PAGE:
The path to accessing the advantage is to create digital twins of their supply chains. A digital twin uses a data-driven, AI-based ML approach to create effective virtual operational models of supply chains. The digital twin uses historical supply chain data combined with industry-specific event data (provided by a new breed of service providers[v]). The result is a system that can be used to simulate a variety of conditions, events, and variances. At the heart of the system is a real-time data repository, a library of algorithms, AI-based decision models, and ML engines that improve the system through continuous learning using external and internal sources of information. The digital twin can then be used to simulate events and variance in environmental, geopolitical, economic, and technological dependencies to predict the impact of demand, inventory, and production. The simulation model is a practical necessity for supply chain managers as it allows them to take targeted action and initiate corrective measures.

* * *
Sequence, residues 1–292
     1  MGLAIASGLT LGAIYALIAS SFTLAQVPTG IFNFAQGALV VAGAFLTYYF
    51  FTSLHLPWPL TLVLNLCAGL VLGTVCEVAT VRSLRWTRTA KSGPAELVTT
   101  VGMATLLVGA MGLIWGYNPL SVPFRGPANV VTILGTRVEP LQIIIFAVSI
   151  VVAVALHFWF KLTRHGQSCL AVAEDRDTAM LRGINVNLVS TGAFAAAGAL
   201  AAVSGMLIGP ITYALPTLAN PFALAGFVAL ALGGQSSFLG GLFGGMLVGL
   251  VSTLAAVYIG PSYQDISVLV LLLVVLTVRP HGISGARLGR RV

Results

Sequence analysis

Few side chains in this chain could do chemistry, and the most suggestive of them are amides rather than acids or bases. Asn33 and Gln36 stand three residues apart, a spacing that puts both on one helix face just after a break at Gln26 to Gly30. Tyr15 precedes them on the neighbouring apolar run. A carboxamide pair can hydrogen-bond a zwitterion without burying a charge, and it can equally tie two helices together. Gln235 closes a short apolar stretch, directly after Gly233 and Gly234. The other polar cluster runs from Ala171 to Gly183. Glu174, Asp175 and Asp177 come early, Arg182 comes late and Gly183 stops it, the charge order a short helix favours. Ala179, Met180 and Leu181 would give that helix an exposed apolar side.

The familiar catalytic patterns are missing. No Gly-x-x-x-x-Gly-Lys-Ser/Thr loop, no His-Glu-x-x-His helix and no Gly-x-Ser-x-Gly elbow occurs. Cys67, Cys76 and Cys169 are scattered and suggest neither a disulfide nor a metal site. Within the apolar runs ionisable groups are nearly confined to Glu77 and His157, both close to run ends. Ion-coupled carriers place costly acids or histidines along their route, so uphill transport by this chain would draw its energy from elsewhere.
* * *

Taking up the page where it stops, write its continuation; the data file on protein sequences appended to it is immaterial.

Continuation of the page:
Fast and reliable path to AI-based systems
The fastest—and most reliable—way to build digital twins of supply chains is to opt for a technology provider like ITC Infotech. ITC Infotech has the domain and technological expertise required for such implementations because of the experience gained from implementing and running complex supply chain applications for its parent conglomerate, ITC Limited, which has diversified investments in Manufacturing, CPG, Hospitality, Retailing, Education, and Agriculture. ITC Infotech combines its domain experience with commercially available tools and platforms and internally developed IP to create supply chain models. The outcome of these models is a quantifiable assessment of risk and its impact on the supply chain.
As an example, ITC Infotech created a digital twin for a pharma customer to address the problem of a product it manufactures that has a short shelf life and a highly variable demand. The goal was to ensure that customer service was maintained at a given threshold while wastage was minimized. With complete unpredictability in demand, only a simulation model could help the pharma customer arrive at reasonable decisions.